New business

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Prospects for new-business wins, one of Madison Ave.'s most widely enjoyed spectator sports, are only slightly better in 2003 than last year, and the stakes remain high. The pressure's on at agencies-particularly those owned by publicly traded parents-to perform, and new-business wins are regarded as a sign of health, particularly by Wall Street.

The deals struck and tactics taken to reel in new accounts will vary in approach. Management at Interpublic Group of Cos. is honing the skills of new business staffers at agencies (think Lowe and Foote, Cone & Belding Worldwide in the U.S. ) that haven't performed. Speaking to investors in early December, Interpublic Chairman-CEO John Dooner said that developing new business "as a core competence" is a priority. Look for management and operational overhauls in 2003. Even at Interpublic's McCann-Erickson Worldwide, a high-performer in winning clients, new accounts will be key, as the Coca-Cola Co. account may finally slip away this year.

likely reviews

Some other accounts that new-business sharks are circling in anticipation of a review include SAB Miller, Home Depot, Cingular, Burger King Corp. and Pfizer. Heineken is also rumored to be a candidate for review, but the client can't follow its longtime creative guru Lee Garfinkel to Omnicom Group's DDB Worldwide because that shop handles rival Anheuser-Busch.

At Publicis Groupe's Leo Burnett USA, President Bob Brennan and Chairman-Chief Creative Officer Cheryl Berman are handling new business at the highest level. "We ... don't delegate much," said Ms. Berman.

It's unclear whether their desire to maintain control is related to new parent Publicis Groupe and its plans for approaching new business. As head of the newest sizable holding company, Publicis Chairman-CEO Maurice Levy has an opportunity to introduce untried tactics in how his agencies come to market and approach clients.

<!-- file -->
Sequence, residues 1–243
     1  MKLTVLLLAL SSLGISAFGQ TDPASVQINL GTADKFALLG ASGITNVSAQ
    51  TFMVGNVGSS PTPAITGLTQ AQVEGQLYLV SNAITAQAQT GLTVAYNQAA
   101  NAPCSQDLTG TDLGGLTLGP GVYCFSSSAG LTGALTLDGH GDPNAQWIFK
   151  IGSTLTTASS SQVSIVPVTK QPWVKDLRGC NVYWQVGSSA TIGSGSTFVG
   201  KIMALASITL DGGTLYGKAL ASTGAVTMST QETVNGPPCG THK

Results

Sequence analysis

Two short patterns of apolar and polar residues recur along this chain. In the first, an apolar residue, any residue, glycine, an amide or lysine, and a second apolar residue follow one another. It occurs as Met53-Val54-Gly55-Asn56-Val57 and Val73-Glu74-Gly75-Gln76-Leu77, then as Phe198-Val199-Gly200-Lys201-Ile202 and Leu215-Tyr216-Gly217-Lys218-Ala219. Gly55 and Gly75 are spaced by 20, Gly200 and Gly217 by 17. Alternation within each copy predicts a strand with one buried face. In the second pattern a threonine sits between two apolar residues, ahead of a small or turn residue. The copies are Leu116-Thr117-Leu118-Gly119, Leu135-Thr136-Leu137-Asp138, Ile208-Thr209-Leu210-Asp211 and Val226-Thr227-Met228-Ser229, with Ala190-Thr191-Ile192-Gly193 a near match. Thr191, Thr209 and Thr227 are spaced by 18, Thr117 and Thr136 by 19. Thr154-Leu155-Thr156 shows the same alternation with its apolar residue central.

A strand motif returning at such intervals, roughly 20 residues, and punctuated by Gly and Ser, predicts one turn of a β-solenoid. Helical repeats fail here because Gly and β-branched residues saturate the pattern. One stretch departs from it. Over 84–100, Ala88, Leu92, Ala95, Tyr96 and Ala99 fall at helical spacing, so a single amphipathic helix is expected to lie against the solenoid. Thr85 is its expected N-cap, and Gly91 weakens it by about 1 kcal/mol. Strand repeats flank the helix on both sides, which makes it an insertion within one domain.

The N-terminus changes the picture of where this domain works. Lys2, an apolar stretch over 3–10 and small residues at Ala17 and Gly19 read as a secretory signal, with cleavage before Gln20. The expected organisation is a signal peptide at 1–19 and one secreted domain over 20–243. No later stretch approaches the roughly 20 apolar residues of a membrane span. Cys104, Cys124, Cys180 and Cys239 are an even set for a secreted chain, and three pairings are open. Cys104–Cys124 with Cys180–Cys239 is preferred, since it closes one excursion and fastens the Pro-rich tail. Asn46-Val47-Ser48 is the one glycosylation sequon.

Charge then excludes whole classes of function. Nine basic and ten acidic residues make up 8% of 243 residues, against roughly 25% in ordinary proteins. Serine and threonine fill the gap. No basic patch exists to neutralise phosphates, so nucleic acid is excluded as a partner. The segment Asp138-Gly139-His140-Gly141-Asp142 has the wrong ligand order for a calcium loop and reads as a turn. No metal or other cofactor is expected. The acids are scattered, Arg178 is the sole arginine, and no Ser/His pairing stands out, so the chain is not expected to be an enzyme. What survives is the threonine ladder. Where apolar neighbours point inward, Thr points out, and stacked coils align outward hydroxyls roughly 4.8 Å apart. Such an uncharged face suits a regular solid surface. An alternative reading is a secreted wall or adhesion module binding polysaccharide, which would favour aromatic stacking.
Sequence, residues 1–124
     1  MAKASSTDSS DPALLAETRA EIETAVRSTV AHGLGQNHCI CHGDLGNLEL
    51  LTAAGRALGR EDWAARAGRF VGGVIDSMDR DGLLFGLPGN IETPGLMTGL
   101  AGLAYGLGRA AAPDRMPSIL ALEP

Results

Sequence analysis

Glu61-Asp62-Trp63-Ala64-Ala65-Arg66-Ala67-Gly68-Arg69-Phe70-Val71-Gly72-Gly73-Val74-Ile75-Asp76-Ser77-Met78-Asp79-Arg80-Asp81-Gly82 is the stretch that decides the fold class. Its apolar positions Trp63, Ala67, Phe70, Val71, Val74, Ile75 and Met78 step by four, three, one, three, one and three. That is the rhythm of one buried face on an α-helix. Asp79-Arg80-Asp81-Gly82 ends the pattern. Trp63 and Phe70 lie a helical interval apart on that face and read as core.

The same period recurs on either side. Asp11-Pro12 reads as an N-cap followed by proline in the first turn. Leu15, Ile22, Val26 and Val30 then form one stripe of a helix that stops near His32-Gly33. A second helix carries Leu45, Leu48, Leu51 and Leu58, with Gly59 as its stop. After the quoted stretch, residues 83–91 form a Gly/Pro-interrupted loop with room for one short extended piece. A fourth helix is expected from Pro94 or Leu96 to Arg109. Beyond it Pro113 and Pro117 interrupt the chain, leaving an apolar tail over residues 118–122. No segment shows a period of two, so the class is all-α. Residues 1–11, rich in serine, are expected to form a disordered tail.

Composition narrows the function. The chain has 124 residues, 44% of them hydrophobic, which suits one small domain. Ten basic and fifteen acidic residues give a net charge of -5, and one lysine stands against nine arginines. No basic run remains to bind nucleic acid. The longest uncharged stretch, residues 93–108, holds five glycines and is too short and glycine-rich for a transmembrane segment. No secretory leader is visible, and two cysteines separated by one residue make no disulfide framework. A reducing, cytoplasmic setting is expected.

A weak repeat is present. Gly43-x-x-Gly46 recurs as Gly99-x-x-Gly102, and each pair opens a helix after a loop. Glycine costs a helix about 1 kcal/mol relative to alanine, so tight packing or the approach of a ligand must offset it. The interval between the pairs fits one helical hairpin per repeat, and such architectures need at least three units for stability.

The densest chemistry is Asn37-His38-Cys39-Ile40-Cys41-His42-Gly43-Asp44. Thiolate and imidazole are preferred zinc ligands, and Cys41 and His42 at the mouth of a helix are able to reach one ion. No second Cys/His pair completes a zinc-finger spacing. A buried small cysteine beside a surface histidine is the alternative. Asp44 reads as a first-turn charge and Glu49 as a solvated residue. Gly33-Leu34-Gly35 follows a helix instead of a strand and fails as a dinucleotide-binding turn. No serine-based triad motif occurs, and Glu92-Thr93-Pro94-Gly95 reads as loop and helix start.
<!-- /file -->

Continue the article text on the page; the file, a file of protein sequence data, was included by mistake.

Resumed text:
client outsourcing

Expect innovation from some holding companies and marketers in efforts to continue advertising while simultaneously lowering costs. Experimentation may take the form of marketers outsourcing activities and functions previously handled in-house. WPP Group Chief Executive Martin Sorrell, for instance, has said there are currently "three situations in which [client] companies are negotiating the outsourcing of their marketing functions" to WPP Group-owned agencies.

Novelty in compensation programs, rather than in campaign ideas, may be a driving force for account switches. Merrill Lynch & Co. recently surveyed 17 global marketers and found that 88% said they have "had conversations with their agencies regarding fee arrangements... and 60% said that agencies are willing to accept lower prices." One respondent said that "agencies were willing to accept lower compensation for an increased ability to pursue competitive clients."

A trend that surfaced in 2002 that may not last long into 2003 is holding companies selecting teams at a marketer's request to compete for an account, as Bank of America, Aventis and others have done. Said consultant Dan Pearlman of Bob Wolf Partners/TPG, Los Angeles, "clients don't have the kind of control they think they do when they approach a holding company" and ask them to select the team. "How much faith does the client want to put into an entity that has multiple interests to serve as well as some built-in bias?"

contributing: claire atkinson

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